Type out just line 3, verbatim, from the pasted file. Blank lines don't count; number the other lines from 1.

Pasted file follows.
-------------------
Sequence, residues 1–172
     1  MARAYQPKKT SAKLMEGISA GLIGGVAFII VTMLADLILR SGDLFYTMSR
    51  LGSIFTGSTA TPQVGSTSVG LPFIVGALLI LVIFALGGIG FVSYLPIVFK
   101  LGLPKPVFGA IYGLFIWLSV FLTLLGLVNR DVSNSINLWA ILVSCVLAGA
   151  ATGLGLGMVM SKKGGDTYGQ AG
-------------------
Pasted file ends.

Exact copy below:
    51  LGSIFTGSTA TPQVGSTSVG LPFIVGALLI LVIFALGGIG FVSYLPIVFK